Payday loans in Australia can be an easy way to access instant cash. If you have a bad credit history and need fast cash loans, there aren’t many options available to you besides payday loans. But are payday loans the right move for you?
In this article, we’ll cover everything you need to know about taking out payday loans for bad credit.
Let’s get to the following commonly asked questions:
Payday loans are often seen as emergency loans for those that need a small amount of cash fast. They typically are short-term loans with high-interest terms, and borrowers typically repay the loan on their next payday.
It’s important to note that payday loans can come with extremely high-interest rates. In Australia, the Annual Percentage Rate (APR) can be as much as 400%! This makes your total repayment much higher than the initial amount you borrowed, and fees and charges increase rapidly if you don’t make payments in time.
Note: Because of this, many have fallen into financial hardship after taking out a payday loan. It’s essential to borrow responsibly and only use payday loans from a third-party company as a last possible resort.
A payday loan can be used as a bad credit cash loan for individuals in Australia. If you have poor credit and need a quick personal loan, then payday loans are a potential option for you.
Compared to other types of loans, payday companies carry out minimal credit checks - they focus more on whether the borrower can repay their loan on their next payday rather than checking their credit history.
By assessing your financial situation quickly, such as your income and debts, the payday company will offer almost instant approval and deposit your cash loan into your bank account.
Important: Borrowing from payday lenders is quick and easy. However, many see these third-party companies as predatory and not practising responsible lending. Since payday loans are unsecured loans, interest rates are high.
As loans for people with bad credit, payday loans cost a lot in the long term, which can increase the cycle of debt. While they are helpful for getting emergency cash, loan repayment can wipe out a person’s monthly salary almost immediately.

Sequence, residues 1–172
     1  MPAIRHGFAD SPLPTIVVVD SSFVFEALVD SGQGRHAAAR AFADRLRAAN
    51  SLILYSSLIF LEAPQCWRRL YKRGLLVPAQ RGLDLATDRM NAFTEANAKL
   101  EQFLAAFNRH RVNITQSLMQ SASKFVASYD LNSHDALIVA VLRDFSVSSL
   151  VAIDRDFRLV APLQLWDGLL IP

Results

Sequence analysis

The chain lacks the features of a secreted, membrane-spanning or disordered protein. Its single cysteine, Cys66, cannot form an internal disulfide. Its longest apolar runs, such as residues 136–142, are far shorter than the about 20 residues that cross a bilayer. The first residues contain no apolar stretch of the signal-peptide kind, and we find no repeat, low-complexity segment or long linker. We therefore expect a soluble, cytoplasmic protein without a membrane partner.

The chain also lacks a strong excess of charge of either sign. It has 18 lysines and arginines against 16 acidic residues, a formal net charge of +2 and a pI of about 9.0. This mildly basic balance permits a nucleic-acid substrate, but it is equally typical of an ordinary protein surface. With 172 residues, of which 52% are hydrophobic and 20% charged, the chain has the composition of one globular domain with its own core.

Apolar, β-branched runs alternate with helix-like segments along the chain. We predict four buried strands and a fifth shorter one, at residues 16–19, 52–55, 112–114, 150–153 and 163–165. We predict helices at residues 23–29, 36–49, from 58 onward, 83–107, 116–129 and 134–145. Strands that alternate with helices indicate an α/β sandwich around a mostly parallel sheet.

Here are the potential risks and pitfalls of using payday loans:
Read more: Tips for improving your credit score
Assessing your ability to repay a payday loan is essential to stop you from falling into a cycle of debt. Before taking out any fast cash loan, evaluate your financial situation, understand how much you can repay every month, and create a plan to repay.
Here’s how you can assess your ability to repay.
Your debt-to-income (DTI) ratio is a useful indicator of your financial health and your ability to take on more debt.
Here’s how it's calculated:
DTI Ratio = (Total Monthly Debt Payments / Gross Monthly Income) x 100
A DTI ratio below 30% is considered healthy, meaning you have enough regular income to cover your debts. You have limited room for additional debt if you have a ratio above 40%.
While payday loans typically have fast approvals and will accept your online applications with a debt ratio above 40%, this isn’t considered to be a responsible lending practice. If you want to improve your credit score, avoid taking on too much debt.
By creating a repayment plan, you can ensure you repay your payday loan on time without worsening your financial situation. Start by assessing your budget by listing your income and monthly expenses.
Identify available funds you can use for repayments without compromising expenses and financial commitments. Finally, choose a realistic repayment period. Ensure you can make payments without struggling to cover your everyday expenses.
Payday loans have a fast application process and are often approved almost instantly, making them useful for those in a financial emergency. However, with high annual percentage rates (APR) and short-term repayment periods, taking out quick loans can be a costly way to borrow money. Only use payday loans as an emergency measure to avoid tanking your credit score.
If you like this article, stay updated with the WeMoney blog, where we regularly post financial advice to help you take control of your money. Alternatively, read our informative article, ‘7 stages of financial independence.’
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Disclaimer: The author is not a financial advisor and the information provided is general in nature and was prepared for information purposes only. This article should not be considered to constitute financial advice. Accordingly, reliance should not be placed on this article as the basis for making an investment, financial or other decision. This information does not take into account your investment objectives, particular needs or financial situation.